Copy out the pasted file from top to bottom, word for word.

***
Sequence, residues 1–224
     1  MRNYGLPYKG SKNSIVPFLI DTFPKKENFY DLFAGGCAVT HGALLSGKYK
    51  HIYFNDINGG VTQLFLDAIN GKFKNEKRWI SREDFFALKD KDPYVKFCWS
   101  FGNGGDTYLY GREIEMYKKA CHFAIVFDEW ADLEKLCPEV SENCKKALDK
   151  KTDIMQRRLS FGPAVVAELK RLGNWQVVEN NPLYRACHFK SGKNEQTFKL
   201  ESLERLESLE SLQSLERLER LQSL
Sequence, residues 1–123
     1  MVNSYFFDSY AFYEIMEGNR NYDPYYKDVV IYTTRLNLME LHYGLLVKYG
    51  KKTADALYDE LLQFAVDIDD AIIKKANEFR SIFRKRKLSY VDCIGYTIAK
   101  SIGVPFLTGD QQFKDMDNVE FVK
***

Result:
Sequence, residues 1–224
     1  MRNYGLPYKG SKNSIVPFLI DTFPKKENFY DLFAGGCAVT HGALLSGKYK
    51  HIYFNDINGG VTQLFLDAIN GKFKNEKRWI SREDFFALKD KDPYVKFCWS
   101  FGNGGDTYLY GREIEMYKKA CHFAIVFDEW ADLEKLCPEV SENCKKALDK
   151  KTDIMQRRLS FGPAVVAELK RLGNWQVVEN NPLYRACHFK SGKNEQTFKL
   201  ESLERLESLE SLQSLERLER LQSL
Sequence, residues 1–123
     1  MVNSYFFDSY AFYEIMEGNR NYDPYYKDVV IYTTRLNLME LHYGLLVKYG
    51  KKTADALYDE LLQFAVDIDD AIIKKANEFR SIFRKRKLSY VDCIGYTIAK
   101  SIGVPFLTGD QQFKDMDNVE FVK